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Agricultural Production in Brazil: Adapting to a Resilient Climate

U.S. Department of Agriculture (USDA) Agricultural Marketing Service (AMS) Fruit and Vegetable Programs Market News Chief of the International Reports Section Dr. Luis Palmer (second from right with blue shirt) touring the market with MIOA members. Photo by Francisco Stuckert, CONAB

The Market Information for the Organization of the Americas (MIOA) members also toured the local wholesale market, Centrais de Abastecimento do Distrito Federal S.A (CEASA-DF) in Brasilia, Brazil. U.S. Department of Agriculture (USDA) Agricultural Marketing Service (AMS) Fruit and Vegetable Programs Market News Chief of the International Reports Section Dr. Luis Palmer (second from right with blue shirt) tours the market with MIOA members. Photo by Francisco Stuckert, CONAB

Over the last 25 years, the American farmer has become increasingly aware of the impact of South American agricultural output on the global supply of grains and oilseeds.  For example, in recent years Brazil has risen to the number one position as an exporter of soybeans.  Further, the combined output of Brazil and its neighbors, Argentina and Paraguay, is challenging the United States’ position as the world’s leading supplier of corn.

Brazil is unique in that it has a relatively stable agricultural output trend due to improving production techniques, and in most years, abundant rainfall for production of various crops.  The climate and cropping patterns are behind the increases in agricultural production, which were made possible by the shift of production into regions less prone to drought.  There is also the potential for expansion into untapped lands, although infrastructure and land ownership issues are a limiting factor.  Meantime, thanks to ample rainfall and land resources enjoyed by producers, Brazil has the potential to become an agricultural powerhouse for years to come. Read more »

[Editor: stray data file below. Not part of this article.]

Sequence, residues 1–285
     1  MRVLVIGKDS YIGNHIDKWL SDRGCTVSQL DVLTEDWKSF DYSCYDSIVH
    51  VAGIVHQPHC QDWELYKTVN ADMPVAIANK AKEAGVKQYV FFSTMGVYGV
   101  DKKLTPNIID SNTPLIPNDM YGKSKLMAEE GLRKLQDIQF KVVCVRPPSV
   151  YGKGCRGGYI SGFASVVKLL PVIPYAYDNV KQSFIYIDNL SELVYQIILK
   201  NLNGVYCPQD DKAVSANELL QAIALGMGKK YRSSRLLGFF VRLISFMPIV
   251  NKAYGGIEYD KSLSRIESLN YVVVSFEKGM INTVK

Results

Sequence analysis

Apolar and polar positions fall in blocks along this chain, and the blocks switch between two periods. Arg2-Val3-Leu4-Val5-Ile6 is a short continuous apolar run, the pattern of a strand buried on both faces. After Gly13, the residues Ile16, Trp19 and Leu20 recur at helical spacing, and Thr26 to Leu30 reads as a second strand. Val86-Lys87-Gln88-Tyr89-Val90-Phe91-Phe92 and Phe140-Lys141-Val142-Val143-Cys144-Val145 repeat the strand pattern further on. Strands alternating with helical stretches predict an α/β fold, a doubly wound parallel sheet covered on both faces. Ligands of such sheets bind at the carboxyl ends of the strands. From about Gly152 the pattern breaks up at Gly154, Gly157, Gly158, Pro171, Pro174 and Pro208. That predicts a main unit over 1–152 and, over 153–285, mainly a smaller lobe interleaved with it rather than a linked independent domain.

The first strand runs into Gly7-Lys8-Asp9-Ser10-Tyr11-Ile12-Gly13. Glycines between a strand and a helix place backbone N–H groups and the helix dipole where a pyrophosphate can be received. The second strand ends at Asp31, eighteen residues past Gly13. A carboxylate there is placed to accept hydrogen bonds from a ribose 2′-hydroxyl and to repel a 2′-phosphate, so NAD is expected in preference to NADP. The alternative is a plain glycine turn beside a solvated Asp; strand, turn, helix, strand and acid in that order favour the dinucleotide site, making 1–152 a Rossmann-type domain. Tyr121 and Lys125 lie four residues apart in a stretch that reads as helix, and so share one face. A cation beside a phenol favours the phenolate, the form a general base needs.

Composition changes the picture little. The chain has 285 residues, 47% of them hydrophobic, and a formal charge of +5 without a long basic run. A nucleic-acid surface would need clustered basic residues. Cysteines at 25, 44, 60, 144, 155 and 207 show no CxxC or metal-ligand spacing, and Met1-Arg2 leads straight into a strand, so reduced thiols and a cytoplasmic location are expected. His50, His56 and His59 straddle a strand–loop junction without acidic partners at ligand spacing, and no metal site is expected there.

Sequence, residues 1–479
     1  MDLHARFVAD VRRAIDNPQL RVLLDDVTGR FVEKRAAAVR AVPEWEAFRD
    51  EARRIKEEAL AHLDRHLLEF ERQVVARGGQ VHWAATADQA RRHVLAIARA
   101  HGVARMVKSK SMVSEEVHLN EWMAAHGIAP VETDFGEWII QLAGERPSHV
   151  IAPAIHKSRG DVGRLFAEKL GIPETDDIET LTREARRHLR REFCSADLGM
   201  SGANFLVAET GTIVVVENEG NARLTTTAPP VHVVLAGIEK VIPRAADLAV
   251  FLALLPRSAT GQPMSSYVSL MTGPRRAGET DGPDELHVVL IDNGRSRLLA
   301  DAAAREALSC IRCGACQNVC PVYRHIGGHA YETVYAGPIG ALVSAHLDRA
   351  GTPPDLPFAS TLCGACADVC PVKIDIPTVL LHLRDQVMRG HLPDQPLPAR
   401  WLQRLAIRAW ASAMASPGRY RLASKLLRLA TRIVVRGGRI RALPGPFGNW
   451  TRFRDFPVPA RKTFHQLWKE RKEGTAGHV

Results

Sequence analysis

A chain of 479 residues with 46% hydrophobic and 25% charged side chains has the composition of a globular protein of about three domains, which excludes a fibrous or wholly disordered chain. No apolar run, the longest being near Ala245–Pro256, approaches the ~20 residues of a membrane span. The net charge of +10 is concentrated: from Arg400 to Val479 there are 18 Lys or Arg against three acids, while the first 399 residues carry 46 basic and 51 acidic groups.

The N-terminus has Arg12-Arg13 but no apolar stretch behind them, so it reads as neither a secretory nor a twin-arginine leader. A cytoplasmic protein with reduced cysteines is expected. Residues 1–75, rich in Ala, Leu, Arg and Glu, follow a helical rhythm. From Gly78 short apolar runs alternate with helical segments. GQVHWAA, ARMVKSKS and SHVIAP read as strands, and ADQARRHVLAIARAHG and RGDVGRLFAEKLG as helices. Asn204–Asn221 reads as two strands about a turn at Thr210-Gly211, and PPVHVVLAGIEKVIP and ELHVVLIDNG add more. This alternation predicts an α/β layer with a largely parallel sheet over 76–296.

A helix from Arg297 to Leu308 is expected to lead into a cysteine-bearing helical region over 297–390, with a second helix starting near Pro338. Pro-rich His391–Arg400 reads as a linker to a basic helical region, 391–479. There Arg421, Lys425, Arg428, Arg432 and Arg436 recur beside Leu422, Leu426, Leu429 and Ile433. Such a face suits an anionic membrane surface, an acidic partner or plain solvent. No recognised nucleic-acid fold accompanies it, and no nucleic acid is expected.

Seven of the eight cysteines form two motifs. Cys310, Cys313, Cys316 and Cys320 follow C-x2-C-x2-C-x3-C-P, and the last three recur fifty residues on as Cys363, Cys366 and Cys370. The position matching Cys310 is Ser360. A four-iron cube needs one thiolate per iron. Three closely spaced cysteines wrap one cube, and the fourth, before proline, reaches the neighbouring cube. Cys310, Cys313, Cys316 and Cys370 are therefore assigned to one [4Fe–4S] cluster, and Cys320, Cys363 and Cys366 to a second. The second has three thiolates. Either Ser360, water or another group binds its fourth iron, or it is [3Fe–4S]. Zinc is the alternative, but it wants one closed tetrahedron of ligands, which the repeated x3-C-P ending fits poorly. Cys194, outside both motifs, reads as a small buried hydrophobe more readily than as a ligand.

Designated Promise Zones Keep Rural America Strong

A child smiles after poking his face out in a hole on the Local Food Tastes Better sign

Kentucky Highlands Promise Zone invests in local foods.

As a law student, I spent a summer working and living with the Sokoagon Band of the Chippewa, a Native American tribe located in rural Northern Wisconsin.  Tribal leaders and members extended to me their kindness, friendship, passion and laughter.  They are some of our country’s finest.

But, make no mistake, the Sokoagon face challenges shared by many persistently poor rural communities across our country.

That summer, I saw with new eyes the importance of dependable and consistent employment, housing, health care systems and education.  That summer I also saw that for many rural Americans these things, taken for granted by many, are luxuries. Read more »

Simple Measures Pave Way to Recovery for Rare Kentucky Plant

White-haired goldenrod

The white-haired goldenrod, a bright yellow aromatic flower with a white haired covered leaf, is predominantly found on the Daniel Boone National Forest. Photo by: David Taylor

This post is part of the Science Tuesday feature series on the USDA blog. Check back each week as we showcase stories and news from USDA’s rich science and research portfolio.